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A Research team led by Professors KIM Jong-Oh and KIM Jung-Hwan at the Faculty of Pharmacy, YU, develops lung-selective N

No.10261179
  • Writer PR team
  • Date : 2024.04.11 13:36
  • Publication Date : 2024.04.05
  • Views : 1961

Research results published in the internationally renowned journal 'ACS Nano (IF=17.1)' 

Demonstrated therapeutic potential in an animal model of non-small cell lung cancer (NSCLC)

[April 5, 2024]

 

<From the left, Professor KIM Jung-Hwan, Le Ngoc Duy (first author of ACS Nano), Nguyen Bao Loc (first author of Nano Today), and Professor KIM Jong-Oh>


A research team led by Professors KIM Jong-oh and KIM Jung-hwan at YU(President CHOI Oe-chool)'s College of Pharmacy has developed a messenger ribonucleic acid (mRNA)-based nanomedicine that can effectively block angiogenesis in lung cancer.


The team developed a treatment that blocks vascular endothelial growth factor (VEGF) in tumors. VEGF is a substance secreted by cells that stimulates the production of new blood vessels, and cancer cells require rapid blood vessel formation around them to grow rapidly. Blocking VEGF reduces blood vessel formation around cancer cells, which can stop cancer cells from proliferating. The research led to the development of mRNA nanomedicines by synthesizing VEGF-blocking antibodies into encoded mRNA and putting them into nanocarriers that can be delivered directly to lung endothelial cells using biocompatible polymers and lipids. Proteomics studies also revealed how the nanocarriers reach the lungs.  In fact, in a mouse model of non-small cell lung cancer, this method showed superior tumor proliferation inhibition and angiogenesis inhibition compared to existing protein-based antibody therapies.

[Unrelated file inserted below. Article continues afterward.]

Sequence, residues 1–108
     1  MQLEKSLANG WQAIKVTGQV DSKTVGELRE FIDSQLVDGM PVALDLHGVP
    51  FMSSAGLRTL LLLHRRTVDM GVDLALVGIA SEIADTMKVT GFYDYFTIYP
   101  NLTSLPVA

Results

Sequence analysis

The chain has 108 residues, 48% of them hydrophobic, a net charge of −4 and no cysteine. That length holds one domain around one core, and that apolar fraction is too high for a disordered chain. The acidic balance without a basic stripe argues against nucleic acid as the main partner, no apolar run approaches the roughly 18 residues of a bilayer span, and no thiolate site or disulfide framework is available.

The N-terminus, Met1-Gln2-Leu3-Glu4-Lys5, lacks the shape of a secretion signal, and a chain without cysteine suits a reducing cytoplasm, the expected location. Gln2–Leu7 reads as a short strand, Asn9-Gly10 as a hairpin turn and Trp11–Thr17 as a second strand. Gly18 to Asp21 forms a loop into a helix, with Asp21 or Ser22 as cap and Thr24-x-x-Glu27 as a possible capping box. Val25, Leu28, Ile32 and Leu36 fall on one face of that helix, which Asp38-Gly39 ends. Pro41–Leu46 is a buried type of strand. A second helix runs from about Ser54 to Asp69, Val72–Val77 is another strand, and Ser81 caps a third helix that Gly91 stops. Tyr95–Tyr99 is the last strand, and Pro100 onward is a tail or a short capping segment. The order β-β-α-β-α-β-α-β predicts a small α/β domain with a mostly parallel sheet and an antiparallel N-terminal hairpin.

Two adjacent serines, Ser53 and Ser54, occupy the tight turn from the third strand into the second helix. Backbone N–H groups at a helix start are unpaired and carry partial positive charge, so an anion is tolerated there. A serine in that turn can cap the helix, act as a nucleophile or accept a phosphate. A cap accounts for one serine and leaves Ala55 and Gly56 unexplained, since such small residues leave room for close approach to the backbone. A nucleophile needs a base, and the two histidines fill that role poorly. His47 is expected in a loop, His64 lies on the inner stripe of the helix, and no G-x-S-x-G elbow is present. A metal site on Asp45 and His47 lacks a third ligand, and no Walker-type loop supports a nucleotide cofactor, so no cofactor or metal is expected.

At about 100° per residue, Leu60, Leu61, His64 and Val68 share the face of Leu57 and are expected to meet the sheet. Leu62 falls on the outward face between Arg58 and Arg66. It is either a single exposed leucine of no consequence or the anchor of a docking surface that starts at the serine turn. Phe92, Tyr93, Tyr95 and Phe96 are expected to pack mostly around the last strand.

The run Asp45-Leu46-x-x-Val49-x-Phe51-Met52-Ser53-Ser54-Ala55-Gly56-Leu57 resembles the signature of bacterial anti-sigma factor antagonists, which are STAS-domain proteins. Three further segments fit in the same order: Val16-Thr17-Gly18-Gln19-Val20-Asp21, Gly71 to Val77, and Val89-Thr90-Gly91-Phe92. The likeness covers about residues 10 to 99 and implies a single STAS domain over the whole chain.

Professor KIM Jong-oh said, "The results of this study support the therapeutic potential and clinical benefits of nanoparticle-mediated mRNA therapies in anti-cancer antibody therapy, and we expect that the research on nanoparticle-based mRNA anticancer therapeutics will be utilized in various mRNA anticancer vaccines and therapeutics in the future." 


 Meanwhile, the research was supported by the Basic Research Program of the National Research Foundation of Korea (mid-career researchers and leading research center support project). The results were published in ACS Nano (Impact factor 17.1, Paper title: Antiangiogenic Therapeutic mRNA Delivery Using Lung-Selective Polymeric Nanomedicine for Lung Cancer Treatment, ACS Nano, 18, 8392-8410), an internationally recognized journal published by the American Chemical Society. 


 In addition, the team recently published a study in the internationally renowned journal Nano Today (Impact factor 17.4, Paper title: Reigniting the cancer-immunity cycle with nanoparticles for simultaneous delivery of oncolytic peptides and a TLR agonist, Nano Today, 55, 102179, 2024) showing that nanoparticles that can simultaneously deliver an oncolytic peptide and a Toll-like receptor (TLR) agonist to cancer cells can trigger synergistic effects in anticancer therapy and improve survival rates.